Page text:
There were all these intersections between the different prototypes and the manifesto. One of the prototypes for example was a social network and the Reshapers Anastasya Kilisova and Ekmel Ertan’s idea behind it was to document shared resources as a way to mobilise change. The manifesto addressed the idea of network resources and accordingly, there were these parallels. These parallels were also found in the fieldnotes guides, which were about recognising and unpacking solidarity, and also acknowledging the shift and change that people have to go through according to how they operate.
[LA] Can you tell us about the solidarity tax?
[NJ] Doreen Toutikian, the Reshaper who came up with it, was thinking something very different where people have to give up something, such as some of their funding to support others who don’t have access to funding because they aren’t European.
I work with refugee and migrant spaces in the UK, and with consortium-funded projects. There are a lot of people who want to contribute in the best way they can. And this is why the solidarity tax is a way to go. For one, the funders of RESHAPE grabbed the idea and expanded it, wanting to back it, as it was a brilliant idea.
The idea is to go to the big Creative Europe type funding and ask organisations to give up a percentage and to create a system of distribution to people not targeted by the funding call. This takes into account that funding money often responds to a political agenda, and ticks a box of a political purpose. Cultural funding is often a mechanism whereby governments can promote their core values.
The way Doreen conceived the solidarity tax scheme is through gamification, where she developed a whole model.
[LA] Gaming was in fact a major prototype in your trajectory, and a place of intersection between the different prototypes, right?
[NJ] Every prototype was responding to an issue, while the gaming was really an umbrella, a catcher, where we unpacked in each prototype what the issues were that we were trying to fix. The idea was to create a template for developing a gaming module for each prototype. For the solidarity tax, for example, it was a module through which we asked how to debate this issue. The same went for resource mobilisation. These are the things the cultural sector needs to think about and if you didn’t need to think about them before Covid-19, you need to do so now.
The gaming workshop was the product of a combination of three Reshapers’ experiences: Doreen Toutikian, Anikó Rácz, and Dorota Ogrodzka. One was a designer, teaching design and all about design thinking. The second was a coach, working on developing an artistic voice for the market. And the third was a thinker and critic, using theatre methods to extract information from people in a trustworthy way. This combination was really powerful. They could see how games could encompass opportunities for learning. They were also keen to see the gaming evolve in different ways, and beyond the RESHAPE project.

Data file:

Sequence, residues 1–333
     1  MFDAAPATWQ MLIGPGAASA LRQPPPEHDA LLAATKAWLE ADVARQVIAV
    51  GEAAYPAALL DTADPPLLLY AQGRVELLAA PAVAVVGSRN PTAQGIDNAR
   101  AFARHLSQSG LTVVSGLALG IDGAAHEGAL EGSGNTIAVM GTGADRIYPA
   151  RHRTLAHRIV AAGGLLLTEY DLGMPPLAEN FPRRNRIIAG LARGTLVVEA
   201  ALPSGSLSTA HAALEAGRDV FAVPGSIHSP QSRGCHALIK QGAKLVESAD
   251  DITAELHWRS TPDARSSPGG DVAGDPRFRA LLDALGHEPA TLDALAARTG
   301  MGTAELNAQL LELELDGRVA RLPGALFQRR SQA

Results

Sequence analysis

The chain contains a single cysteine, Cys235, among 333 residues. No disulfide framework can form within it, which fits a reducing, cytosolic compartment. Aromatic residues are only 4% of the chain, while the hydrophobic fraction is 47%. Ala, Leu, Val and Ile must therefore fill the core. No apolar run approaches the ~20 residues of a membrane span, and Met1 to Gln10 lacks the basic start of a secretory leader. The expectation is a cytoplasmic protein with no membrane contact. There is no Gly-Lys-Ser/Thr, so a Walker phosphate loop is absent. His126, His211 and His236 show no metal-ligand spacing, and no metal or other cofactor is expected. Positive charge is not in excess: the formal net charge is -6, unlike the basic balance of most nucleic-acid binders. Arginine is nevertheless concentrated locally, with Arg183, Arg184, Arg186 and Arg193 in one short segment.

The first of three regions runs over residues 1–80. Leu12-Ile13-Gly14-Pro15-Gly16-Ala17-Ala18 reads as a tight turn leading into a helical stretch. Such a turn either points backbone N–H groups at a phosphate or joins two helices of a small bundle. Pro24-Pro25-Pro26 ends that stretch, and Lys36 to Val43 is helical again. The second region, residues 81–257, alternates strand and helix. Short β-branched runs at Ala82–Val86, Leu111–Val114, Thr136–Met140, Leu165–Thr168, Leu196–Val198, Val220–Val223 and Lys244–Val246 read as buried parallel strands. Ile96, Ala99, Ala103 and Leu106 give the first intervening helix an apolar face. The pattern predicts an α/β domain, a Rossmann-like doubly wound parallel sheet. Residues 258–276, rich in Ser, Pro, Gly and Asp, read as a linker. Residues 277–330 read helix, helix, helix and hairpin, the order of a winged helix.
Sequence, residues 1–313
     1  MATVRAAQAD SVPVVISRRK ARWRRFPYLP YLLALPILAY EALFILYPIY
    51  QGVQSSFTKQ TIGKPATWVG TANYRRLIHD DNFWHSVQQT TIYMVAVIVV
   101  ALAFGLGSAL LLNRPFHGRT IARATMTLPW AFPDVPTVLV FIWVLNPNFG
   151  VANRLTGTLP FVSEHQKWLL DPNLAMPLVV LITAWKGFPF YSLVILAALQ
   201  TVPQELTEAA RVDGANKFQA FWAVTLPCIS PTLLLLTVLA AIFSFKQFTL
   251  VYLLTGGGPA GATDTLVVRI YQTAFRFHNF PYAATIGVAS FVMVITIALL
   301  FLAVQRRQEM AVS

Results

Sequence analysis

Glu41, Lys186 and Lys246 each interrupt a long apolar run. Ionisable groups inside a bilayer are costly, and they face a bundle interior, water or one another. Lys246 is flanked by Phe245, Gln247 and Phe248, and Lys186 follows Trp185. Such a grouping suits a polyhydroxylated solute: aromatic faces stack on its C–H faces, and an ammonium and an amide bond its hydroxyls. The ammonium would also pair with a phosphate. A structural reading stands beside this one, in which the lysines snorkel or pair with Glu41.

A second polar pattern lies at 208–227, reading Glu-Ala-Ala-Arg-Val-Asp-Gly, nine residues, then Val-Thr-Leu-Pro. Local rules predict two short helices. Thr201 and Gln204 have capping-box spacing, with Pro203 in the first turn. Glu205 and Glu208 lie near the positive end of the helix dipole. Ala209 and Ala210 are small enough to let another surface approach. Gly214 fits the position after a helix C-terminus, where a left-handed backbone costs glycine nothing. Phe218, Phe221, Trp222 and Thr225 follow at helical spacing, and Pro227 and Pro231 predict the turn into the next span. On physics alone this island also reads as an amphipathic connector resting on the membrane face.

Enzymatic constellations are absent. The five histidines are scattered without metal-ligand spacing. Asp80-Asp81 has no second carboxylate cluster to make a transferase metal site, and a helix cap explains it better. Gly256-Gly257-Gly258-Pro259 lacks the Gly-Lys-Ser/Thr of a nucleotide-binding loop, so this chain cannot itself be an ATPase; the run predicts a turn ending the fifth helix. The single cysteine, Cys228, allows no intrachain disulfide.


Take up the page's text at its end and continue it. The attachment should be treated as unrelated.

The great thing also is that they thought about people who don’t have much. If you don’t have electricity, you can still access the workshop as long as you download the tools at some point. This is very relevant if you are in Africa, or even in Palestine, Tunisia, or Morocco.
Gaming is one of the fastest growing sectors, clearly because of how impactful it is. And with the lockdown we have seen experiences of festivals where people interacted through gaming tools, using avatars to navigate the various festivals’ experiences. It is a very playful tool that can also keep us connected especially with Covid-19 when we can’t physically be together and where Zoom makes us feel sometimes like we are square boxes.
Gaming is also a very monied space, that can be intimidating to people outside it. The workshop, in that sense, was quite enabling.
[LA] What about the social network prototype?
[NJ] The social network was blended with the ArtBnB prototype. One of the Reshapers. Ouafa Belgacem, had an idea about resource mobilisation, as we weren’t all coming from the same background. In Africa, for example, you have to look at art in a different way, as the landscape is far more precarious, not just the cultural one but also the political one. Questions of livelihoods are crucial. This social network was trying to articulate that.
What I like about resource mobilisation and networks specifically is that everyone recognises that both bring value. Value can be access to certain communities, lived experiences, or a certain intelligence because of an overview you have thanks to your position, navigating different spaces. Resource mobilisation is about how to value the full ecology of the cultural sector, navigating mainstream spaces as well as the margins.
[LA] There was also a residency prototype. Can you walk us through it?
[NJ] The residency idea was similar to the idea behind ArtBnB, where you let out a couch or a room or an entire house that you have. The idea was the monetisation of space. A lot of art spaces, venues, and cultural organisations have space; a studio space, or a living space that can be a residency space. We would set up a residency system whereby people who are travelling and want to contribute to cultural organisations as a form of solidarity would use their spaces and pay them money instead of staying in hotels. They can use the studio space, or go for an art class, and so on. There was also the idea of paying for experience, which can be provided by cultural organisations. The money from the ArtBnB is meant to go to a mobility fund for artists based in places where support is lacking, as well to marginalised groups and communities within Europe and beyond.